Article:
OK, moody scene-setting aside, the purge really is coming to the Mos Espa Collection; and given how sprawling my collection is becoming, that's only a good thing. SDCC this year was a watershed moment for fans of Hasbro's Star Wars line, I think. Fan outrage over the direction of the 'classic' figure line is not a new thing (or fan outrage about anything, for that matter), but I'm getting the impression that the SA 3 3/4" approach is winding its way down now, and that's going to affect a lot of people's collections. The new Saga Legends looks like the template for a continued line, and it's a move I fully applaud - these are toys with great character likenesses that are also sturdy and can stand up to rigorous adventures. These are the kind of toys that I wanted as a kid, and I'm glad that they're there for kids today; whether they're entirely something I would want as an adult today I'll come to in a minute. The fact that I'm not the target demographic aside though, these figures are also seeing release at a reasonable price point, which has been the most off-putting aspect of new Star Wars figures for a few years now. If reducing the articulation allows the line to survive until the new trilogy, then Hasbro should absolutely go for it, and fie on any collector who can't understand that.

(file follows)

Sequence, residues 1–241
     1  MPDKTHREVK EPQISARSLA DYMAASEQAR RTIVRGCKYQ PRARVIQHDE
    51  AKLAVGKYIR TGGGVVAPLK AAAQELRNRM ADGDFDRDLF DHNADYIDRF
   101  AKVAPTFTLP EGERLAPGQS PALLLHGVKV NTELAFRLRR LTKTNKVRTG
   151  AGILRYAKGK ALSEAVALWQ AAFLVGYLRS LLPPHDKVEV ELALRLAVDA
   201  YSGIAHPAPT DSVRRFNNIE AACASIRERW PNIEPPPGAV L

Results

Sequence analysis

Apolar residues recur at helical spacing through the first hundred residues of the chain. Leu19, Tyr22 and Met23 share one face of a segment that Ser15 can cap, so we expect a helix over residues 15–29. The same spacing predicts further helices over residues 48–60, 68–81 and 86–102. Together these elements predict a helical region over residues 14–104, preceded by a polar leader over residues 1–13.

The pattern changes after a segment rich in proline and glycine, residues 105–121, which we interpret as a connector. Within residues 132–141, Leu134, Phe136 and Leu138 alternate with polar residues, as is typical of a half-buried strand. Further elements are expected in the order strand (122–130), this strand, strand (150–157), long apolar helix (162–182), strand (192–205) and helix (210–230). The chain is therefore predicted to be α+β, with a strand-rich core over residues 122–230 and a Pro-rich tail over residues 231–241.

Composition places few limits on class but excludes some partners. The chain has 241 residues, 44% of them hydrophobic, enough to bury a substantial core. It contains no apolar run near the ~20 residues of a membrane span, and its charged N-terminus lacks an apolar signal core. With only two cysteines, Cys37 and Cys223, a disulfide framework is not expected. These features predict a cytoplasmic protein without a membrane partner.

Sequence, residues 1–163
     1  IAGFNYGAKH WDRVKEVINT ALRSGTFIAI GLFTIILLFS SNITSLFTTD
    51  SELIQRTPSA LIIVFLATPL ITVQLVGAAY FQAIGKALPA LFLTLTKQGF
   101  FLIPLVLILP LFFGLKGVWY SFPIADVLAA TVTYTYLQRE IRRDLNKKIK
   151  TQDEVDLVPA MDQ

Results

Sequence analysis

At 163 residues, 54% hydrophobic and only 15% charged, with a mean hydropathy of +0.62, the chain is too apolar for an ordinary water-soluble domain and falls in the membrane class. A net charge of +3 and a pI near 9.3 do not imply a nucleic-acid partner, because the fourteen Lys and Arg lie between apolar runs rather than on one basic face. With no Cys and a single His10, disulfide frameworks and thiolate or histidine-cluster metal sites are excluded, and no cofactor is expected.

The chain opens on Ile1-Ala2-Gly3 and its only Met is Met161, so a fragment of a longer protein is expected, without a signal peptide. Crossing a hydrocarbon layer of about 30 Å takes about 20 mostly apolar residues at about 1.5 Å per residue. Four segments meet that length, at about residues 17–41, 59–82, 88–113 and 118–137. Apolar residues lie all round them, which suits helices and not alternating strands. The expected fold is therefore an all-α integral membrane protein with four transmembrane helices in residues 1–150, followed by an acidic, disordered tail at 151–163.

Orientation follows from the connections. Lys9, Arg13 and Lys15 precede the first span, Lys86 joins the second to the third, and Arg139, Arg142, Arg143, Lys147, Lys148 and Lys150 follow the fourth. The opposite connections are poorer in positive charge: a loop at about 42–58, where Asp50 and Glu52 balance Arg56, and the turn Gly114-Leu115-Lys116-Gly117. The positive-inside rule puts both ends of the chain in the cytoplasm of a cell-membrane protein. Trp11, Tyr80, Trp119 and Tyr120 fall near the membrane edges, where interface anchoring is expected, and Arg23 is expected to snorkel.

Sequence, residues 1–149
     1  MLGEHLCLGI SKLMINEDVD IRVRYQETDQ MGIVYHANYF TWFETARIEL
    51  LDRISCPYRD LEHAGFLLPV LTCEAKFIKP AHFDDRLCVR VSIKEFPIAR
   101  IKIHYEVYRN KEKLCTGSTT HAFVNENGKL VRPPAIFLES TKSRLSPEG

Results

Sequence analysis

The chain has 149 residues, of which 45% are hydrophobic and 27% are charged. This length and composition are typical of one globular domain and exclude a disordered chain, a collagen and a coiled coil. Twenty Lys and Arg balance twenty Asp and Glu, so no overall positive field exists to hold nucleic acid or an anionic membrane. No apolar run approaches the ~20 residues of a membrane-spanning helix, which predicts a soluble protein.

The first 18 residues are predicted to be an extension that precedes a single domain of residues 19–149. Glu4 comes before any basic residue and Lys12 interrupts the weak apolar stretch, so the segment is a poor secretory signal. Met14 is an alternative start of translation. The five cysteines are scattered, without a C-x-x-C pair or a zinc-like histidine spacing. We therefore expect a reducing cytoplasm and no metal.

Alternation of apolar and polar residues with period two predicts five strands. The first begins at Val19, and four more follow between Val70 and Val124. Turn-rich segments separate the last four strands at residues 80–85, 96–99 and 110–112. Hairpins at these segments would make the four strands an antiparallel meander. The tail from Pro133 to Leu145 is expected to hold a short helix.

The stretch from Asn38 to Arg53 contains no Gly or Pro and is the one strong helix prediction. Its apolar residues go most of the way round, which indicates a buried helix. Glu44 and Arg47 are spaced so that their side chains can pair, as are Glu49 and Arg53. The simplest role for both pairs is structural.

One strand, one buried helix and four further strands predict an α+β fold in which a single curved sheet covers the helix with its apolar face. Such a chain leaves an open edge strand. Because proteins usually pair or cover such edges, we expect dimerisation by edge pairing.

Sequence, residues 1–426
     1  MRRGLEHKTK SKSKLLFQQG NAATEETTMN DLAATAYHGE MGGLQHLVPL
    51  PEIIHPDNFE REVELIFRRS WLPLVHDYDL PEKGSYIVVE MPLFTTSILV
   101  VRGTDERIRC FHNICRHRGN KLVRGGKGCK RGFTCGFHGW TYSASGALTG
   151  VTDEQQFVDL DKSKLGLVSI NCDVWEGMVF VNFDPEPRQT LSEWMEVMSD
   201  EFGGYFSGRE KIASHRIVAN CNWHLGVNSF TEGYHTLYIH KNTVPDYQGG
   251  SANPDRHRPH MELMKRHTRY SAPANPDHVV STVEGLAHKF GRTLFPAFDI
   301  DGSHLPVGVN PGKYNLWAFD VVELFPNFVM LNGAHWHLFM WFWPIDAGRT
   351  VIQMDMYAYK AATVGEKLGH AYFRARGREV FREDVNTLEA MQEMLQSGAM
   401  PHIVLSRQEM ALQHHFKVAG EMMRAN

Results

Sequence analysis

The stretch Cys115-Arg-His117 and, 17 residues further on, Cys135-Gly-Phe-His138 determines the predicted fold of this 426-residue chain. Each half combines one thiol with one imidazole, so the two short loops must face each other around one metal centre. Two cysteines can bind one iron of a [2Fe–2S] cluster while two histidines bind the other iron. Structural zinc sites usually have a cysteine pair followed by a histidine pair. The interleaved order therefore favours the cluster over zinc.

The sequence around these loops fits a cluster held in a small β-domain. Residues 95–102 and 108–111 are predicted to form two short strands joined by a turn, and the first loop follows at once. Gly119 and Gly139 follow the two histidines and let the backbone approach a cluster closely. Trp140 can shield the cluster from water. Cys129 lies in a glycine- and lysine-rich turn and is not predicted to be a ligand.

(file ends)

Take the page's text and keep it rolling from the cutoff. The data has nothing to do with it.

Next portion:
I don't get it either.
So, where does that leave collectors? It's been theorised in a few places that the new 3 3/4" Black Series line is a way for Hasbro to release existing (but unreleased) sculpts and simple kit bashes as a way of clearing the line out completely ahead of 2015's sequel trilogy push, and that makes a lot of sense to me. The upcoming figures, both rumoured and confirmed, are ones that have been mooted (and some even shown) for release in previous lines and others are fairly simple updates to older releases. I'm basing this on nothing but speculation, but if, after years of missteps, you have your toy line for children finally in working order, why would you continue to sell a misfiring line to a smaller audience, that's more expensive to produce and harder to sell? Furthermore, why do this when there's very few characters in this line left to make? It's been eight years since ROTS hit cinemas, and there really isn't much left to do in this scale (and I'm a bigger fan than most, but I have yet to see one decent argument for why a Toryn Farr action figure is required at all, by anybody, as a mass-market release. Online collector exclusive is a different matter).